Welcome to Get to Know Us, a Q/A series giving readers a personal look into the lives and careers of MAS staff members.
Today’s guest is Paul Fisher, MAS Science Curator.
Fisher was born in Columbus, Ohio, but he’s always been on the move. Fisher’s family moved to the Canadian island of Newfoundland when he was just 10. The Fishers moved back to the States three years later, landing in southern Georgia.
Fisher grew up during the heat of the Space Race and was just nine when humans first landed on the Moon. It was the icy competition between the United States and the Soviet Union that ignited Fisher’s love for space and science. Fisher would go on to study aerospace engineering at Auburn University and electrical engineering at Mercer University.
Q: When you studied engineering, did you ever see yourself ending up in a museum?
A: I worked in the rocket industry for years, so that’s where I envisioned myself. But aerospace [engineering] has gone through a lot of changes. I ended up having to get a job here [MAS] and then really liking it.
Q: What inspired you to work at the museum?
A: My wife has worked at the museum here for 25 years this year. I’ve only worked here for about seven. I originally had a job in Huntsville, Alabama, so I commuted. I watched the museum for years, and I knew the guy who ran the planetarium. When he decided to move, he thought I would be a good replacement. So I started working with him for about six months, and then he took off and I was left with my own planetarium.
Q: What does a typical workday look like for you?
A: Pre-COVID, I would do four planetarium shows in the morning for different school groups. Often, the planetarium is full so that’s like 100-120 people each time. Then we have a 2 o’clock and a 4 o’clock general public show. So, I can give up to six shows a day.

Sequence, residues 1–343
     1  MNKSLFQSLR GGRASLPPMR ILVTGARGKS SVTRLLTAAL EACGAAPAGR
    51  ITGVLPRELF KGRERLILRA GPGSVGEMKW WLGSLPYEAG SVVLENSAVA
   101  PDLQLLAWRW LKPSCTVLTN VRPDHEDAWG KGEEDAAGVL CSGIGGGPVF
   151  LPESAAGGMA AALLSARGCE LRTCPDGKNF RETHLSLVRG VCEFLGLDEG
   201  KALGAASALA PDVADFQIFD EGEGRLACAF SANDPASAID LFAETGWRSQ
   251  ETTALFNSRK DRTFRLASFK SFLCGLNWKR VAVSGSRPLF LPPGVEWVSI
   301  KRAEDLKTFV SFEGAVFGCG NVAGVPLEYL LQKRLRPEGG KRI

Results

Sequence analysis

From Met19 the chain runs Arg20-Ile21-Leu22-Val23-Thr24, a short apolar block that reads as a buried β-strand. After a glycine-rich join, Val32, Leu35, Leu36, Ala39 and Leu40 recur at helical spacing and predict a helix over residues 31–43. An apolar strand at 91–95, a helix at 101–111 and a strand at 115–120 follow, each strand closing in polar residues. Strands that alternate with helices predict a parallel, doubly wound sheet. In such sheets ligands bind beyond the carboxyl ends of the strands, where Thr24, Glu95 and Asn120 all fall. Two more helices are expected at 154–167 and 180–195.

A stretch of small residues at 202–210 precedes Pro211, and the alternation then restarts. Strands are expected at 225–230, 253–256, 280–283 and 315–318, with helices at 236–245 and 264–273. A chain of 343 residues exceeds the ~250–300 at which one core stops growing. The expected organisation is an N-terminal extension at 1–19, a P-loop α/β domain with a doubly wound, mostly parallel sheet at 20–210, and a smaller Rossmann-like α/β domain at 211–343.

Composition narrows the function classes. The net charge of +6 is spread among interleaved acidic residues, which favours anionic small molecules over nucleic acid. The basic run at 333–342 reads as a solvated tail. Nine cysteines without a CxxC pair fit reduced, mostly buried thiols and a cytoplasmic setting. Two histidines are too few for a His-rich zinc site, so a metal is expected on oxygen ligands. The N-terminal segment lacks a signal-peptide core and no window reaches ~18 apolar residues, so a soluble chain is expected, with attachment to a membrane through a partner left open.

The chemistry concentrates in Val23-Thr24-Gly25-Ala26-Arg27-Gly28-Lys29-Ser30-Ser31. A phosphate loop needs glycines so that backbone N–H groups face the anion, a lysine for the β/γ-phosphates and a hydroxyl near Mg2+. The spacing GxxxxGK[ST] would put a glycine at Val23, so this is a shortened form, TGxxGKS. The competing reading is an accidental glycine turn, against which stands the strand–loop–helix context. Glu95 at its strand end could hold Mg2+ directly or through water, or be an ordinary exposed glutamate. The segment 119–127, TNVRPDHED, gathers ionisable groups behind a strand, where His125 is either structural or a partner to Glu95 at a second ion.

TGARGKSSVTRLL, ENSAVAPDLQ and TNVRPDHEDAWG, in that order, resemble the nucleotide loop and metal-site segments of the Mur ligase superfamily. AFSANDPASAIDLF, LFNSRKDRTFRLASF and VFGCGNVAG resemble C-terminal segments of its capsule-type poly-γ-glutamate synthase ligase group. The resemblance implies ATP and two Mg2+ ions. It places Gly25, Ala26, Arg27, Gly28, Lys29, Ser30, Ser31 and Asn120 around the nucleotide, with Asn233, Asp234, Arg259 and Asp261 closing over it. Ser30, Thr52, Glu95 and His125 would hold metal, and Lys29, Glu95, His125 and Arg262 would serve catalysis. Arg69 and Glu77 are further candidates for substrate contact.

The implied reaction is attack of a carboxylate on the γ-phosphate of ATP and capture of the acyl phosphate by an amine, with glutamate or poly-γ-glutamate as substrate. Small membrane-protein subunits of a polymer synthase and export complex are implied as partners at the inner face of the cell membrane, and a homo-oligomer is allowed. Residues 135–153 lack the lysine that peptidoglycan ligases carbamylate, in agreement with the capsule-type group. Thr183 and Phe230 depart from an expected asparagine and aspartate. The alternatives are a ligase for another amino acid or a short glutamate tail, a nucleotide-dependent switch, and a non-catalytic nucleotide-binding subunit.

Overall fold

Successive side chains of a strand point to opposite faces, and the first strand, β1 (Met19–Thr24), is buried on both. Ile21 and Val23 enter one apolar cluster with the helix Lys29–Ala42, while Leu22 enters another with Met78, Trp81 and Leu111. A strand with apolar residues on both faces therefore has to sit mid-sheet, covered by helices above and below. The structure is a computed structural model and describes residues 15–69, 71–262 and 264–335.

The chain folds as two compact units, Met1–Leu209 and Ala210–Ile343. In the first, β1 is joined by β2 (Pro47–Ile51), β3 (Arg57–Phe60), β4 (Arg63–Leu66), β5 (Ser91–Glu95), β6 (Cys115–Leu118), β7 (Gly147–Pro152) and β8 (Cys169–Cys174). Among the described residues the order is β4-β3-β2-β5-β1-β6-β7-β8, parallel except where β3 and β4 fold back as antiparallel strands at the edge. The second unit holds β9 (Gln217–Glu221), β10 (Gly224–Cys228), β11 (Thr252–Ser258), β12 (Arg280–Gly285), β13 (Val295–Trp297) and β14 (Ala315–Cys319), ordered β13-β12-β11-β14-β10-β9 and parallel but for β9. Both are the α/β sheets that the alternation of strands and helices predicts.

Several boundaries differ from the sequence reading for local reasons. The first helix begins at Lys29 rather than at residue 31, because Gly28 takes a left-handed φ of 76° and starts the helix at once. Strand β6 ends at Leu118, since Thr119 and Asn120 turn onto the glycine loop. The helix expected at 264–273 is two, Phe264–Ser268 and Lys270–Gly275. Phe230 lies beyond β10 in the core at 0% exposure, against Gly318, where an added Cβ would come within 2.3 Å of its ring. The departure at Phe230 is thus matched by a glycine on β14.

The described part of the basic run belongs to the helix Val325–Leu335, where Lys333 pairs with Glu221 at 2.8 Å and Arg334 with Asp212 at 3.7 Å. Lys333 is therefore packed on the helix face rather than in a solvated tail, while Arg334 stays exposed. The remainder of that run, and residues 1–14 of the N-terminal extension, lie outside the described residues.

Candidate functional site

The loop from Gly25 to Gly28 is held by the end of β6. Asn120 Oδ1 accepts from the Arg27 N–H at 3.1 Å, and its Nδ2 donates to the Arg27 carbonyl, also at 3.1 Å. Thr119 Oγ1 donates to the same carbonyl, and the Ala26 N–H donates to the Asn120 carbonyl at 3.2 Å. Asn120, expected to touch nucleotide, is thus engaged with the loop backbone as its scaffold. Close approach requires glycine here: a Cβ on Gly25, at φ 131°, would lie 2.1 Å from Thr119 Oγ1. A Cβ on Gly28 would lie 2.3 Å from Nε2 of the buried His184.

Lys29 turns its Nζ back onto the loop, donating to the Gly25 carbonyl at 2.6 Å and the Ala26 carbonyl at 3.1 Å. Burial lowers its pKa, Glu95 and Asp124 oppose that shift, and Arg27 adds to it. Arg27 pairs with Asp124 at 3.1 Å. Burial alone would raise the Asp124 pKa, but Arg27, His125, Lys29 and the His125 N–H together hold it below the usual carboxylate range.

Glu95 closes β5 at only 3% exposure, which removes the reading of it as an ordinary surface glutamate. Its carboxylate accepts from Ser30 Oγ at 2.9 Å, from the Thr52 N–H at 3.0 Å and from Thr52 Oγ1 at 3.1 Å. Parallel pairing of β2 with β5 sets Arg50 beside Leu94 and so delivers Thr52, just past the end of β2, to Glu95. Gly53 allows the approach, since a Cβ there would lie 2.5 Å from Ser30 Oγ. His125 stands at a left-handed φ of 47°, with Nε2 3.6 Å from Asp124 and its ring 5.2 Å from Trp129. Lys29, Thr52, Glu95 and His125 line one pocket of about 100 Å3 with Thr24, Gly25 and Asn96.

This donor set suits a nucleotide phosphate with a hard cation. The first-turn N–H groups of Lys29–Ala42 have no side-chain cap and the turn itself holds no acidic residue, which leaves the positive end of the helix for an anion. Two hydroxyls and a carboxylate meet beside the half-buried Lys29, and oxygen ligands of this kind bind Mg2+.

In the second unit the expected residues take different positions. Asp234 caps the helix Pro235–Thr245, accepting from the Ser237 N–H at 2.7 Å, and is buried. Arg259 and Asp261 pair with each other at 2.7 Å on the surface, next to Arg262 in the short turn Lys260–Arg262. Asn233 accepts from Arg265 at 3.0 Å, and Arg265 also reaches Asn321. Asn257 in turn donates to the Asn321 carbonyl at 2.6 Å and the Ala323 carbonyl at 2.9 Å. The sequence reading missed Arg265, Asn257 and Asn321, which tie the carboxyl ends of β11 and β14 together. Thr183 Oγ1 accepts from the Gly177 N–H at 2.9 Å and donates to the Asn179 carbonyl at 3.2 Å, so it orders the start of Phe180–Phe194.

Q: How has COVID-19 affected your job?
A: COVID was just generally depressing for March and April. It is frustrating that we live in a world now where people are afraid to be in the same room with each other. My typical show lately has seven or eight people. You get more of a charge out of giving a show to a bigger group. That’s the fun thing about working at the planetarium is that you get to blow people’s minds. If you’ve got 50 or 60 older folks and their grandchildren and some moms and dads and their families, and you give them a good 40-minute show, there’s going to be people in the show that were really excited by it.
Q: Let’s talk about life outside of the museum. What is your favorite hobby outside of work?
A: Lately, my hobby has been pulling out old math books and doing old math problems. During COVID—it made me really tense being at home. I found that was a good way to relax. I was in school for so many years that I got used to being in school. So, when I sit down to study, it’s like a mediation event because I don’t think about anything else. I’m focusing, and the rest of the world is out of my mind.
Q: What is your all-time favorite restaurant?
A: I lived in San Jose for a while, and I used to go eat Vietnamese cuisine in Vietnam Town. I noticed in Macon that we have a place called Pho Saigon. It is as good as any Vietnamese restaurant I was at in San Jose.
Q: What is your all-time favorite movie?
A: Probably—I’d have to be honest with myself to say “Dr. Strangelove.”
* (Q/A edited for clarity)